symptoms

Symptoms of Depression Series: Fatigue

Merely Me Health Guide May 31, 2010
  • There are many symptoms of depression and we have talked about a couple of them in depth including hopelessness and feeling numb.  Today we are going to talk about the symptom of fatigue. I am sure many of us have felt that weariness which leaves us lifeless and depleted. We are going to talk about what fatigue feels like, possible causes and what we can do when fatigue interferes with our day to day functioning.

     

    What does it feel like to suffer from depression fatigue?

     

    The thing that some people might not get about depression is that it takes such a physical toll on our body. If you read the many definitions of the word “depressed” even the meanings which are unrelated to mood use adjectives like “flattened,” “pressed down” or “lowered to sink.” These can also accurately describe the feelings of fatigue one can get from depression. When I am depressed sometimes I feel that I am being pulled low to the ground. My posture slumps. My chest feels heavy and weighted. My movements are slow and purposeless. I don’t feel like doing anything. I don’t want to go anywhere. I just want to sit and do nothing or sleep. But sleep doesn’t re-energize. It is merely a way to escape conscious thought and emotion. One wakes up tired and sometimes more depressed in the morning. The fatigue of depression makes every action, every daily chore or responsibility feel as though it takes a tremendous amount of energy that you don’t have.

     

    Whether you are at home or at work, you wonder, “Am I going to make it through this day?” This is what the depression related fatigue feels like for me. What does it feel like for you?

     

    What causes the depression symptom of fatigue?

     

    Here is the tricky thing about fatigue with depression-which came first? It is well known that feeling fatigued can also make you feel depressed. And if you are depressed you may feel fatigued as a result. It is like that chicken or the egg conundrum. There are biological explanations given for the fatigue associated with depression and one relates to an enzyme called monoamine oxidase A, or MAO-A.  According to the scientific literature, this enzyme destroys neurotransmitters such as serotonin, norepinephrine, and dopamine which are all necessary to regulate both mood and energy levels. MAO-A levels are reportedly too high in persons suffering from depression and this causes the other neurotransmitters to be low. Thus, people with depression may feel abnormally tired as a result.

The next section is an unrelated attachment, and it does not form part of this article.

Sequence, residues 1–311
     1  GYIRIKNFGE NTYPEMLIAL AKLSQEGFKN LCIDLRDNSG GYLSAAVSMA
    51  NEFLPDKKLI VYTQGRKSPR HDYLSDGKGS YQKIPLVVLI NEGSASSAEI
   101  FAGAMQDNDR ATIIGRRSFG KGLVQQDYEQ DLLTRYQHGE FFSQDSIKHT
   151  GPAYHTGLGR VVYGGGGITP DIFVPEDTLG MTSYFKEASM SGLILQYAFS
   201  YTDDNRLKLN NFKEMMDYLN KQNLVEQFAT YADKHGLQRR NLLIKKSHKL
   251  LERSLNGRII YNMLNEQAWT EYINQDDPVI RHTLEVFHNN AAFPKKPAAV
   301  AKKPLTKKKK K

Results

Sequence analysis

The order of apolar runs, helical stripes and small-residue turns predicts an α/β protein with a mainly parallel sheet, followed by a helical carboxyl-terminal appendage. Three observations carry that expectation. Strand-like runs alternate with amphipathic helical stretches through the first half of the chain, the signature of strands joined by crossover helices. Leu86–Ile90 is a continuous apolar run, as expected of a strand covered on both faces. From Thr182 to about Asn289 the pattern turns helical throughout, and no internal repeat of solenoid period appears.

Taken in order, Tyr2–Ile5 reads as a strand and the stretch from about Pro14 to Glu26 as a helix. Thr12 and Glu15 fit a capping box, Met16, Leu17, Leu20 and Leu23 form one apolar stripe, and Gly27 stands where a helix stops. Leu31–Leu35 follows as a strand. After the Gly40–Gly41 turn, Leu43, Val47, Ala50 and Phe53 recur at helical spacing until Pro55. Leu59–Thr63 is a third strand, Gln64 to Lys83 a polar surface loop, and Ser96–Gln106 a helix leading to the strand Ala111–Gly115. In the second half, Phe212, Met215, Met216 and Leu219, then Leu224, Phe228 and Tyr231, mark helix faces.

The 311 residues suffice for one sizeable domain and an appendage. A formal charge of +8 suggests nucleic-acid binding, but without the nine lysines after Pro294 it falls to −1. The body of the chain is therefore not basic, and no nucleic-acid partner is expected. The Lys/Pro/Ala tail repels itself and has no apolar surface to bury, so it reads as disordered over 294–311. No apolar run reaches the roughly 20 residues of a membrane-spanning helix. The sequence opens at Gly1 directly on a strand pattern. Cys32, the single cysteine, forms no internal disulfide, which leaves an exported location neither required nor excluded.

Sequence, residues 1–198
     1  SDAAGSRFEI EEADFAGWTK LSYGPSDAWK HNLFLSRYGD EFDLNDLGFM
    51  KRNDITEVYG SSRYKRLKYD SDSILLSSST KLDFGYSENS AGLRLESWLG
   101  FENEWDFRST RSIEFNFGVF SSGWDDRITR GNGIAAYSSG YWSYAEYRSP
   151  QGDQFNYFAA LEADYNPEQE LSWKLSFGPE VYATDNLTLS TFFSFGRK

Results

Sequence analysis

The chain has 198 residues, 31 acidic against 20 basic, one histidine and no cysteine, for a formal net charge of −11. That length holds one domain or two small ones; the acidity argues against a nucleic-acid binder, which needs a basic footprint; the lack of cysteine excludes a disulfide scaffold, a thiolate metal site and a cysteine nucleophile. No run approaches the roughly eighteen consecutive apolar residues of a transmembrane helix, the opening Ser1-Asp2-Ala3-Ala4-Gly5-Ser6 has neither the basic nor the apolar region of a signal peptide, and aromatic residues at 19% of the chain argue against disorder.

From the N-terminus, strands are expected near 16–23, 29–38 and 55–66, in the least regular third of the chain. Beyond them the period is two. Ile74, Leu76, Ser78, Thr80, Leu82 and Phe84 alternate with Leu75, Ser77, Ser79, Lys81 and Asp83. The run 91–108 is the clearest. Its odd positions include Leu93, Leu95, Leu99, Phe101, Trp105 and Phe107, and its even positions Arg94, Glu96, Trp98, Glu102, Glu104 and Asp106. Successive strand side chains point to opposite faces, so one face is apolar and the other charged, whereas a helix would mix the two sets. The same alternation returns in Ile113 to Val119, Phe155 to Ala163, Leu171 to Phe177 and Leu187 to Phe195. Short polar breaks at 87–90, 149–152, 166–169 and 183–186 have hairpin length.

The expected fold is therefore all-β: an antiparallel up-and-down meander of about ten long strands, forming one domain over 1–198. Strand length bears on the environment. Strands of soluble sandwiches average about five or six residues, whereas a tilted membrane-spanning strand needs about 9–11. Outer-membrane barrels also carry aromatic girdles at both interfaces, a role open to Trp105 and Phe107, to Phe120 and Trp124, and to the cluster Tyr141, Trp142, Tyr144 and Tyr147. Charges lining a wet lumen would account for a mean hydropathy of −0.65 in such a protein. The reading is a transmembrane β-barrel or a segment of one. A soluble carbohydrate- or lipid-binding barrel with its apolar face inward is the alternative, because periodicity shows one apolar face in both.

There is other research which shows an association between depression and fatigue. In a study published in a 2004 issue of Psychosomatic Medicine  researchers found that depression sufferers were more than four times as likely to develop unexplained fatigue. And they also found that the reverse is also true that those who suffer from fatigue are nearly three times as likely to become depressed. So it is clear that one of the risk factors for having depression is that you may also suffer from fatigue.

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    What can be done to combat the fatigue which quite often accompanies depression?

     

    • The first thing I would recommend is that you go see your general practitioner and get a good physical. You may not just be dealing with depression as there are many medical conditions which can cause feelings of fatigue. Some of these conditions include: Hypothyroidism, heart disease, diabetes and Multiple Sclerosis to name a few. I would also strongly suggest that you get your vitamin levels checked including Vitamin B-12 and Vitamin D. If you are deficient in these vitamins, this too can cause low energy levels.

     

    • Make sure that you are getting a good restful sleep each night. One of the other symptoms of depression can be sleep problems of either sleeping too much or too little. Any imbalance in the amount of sleep you get can definitely cause you to feel tired the next day. Some people may have more serious sleep issues such as sleep apnea where you have trouble breathing during sleep. You can read more about sleep and depression on Health Central’s My Sleep Central.  To help me get to sleep I use a supplement called Melatonin.

     

    • I know you may not want to hear this as you have surely heard it before but exercise. You may not feel like it but exercise will give you more energy and also help you to sleep better. Here is an article you may want to read, “Fending off Depression Through Exercise.”

     

    • You may want to try a supplement. Rhodiola Rosea or L-Carnitine are supplements reported to increase your energy levels. As with any supplements you want to check with your doctor first to make sure of any possible interactions with your other medications. Vitamin B-12 is energizing as well as Vitamin D.

     

    • Boost your energy levels with Omega 3. Kara Bauer over on our Diet and Exercise site shows us how to do this in her post, “Increase Omega 3’s to Decrease Depression.”

     

    • Limit your stressors. Stress sometimes goes hand in hand with depression and when we experience multiple stressors during the day this can zap our energy. You can learn more about stress and how to decrease it over on our anxiety site.

     

    Now it is your turn. How does fatigue interfere with your daily functioning? What does fatigue feel like for you? Do you have any strategies or suggestions for how to combat fatigue caused by depression? If so we want to hear them. Your comment may be the one to change someone’s life today. You never know. So please do share your thoughts and stories with us. We want to hear from you!

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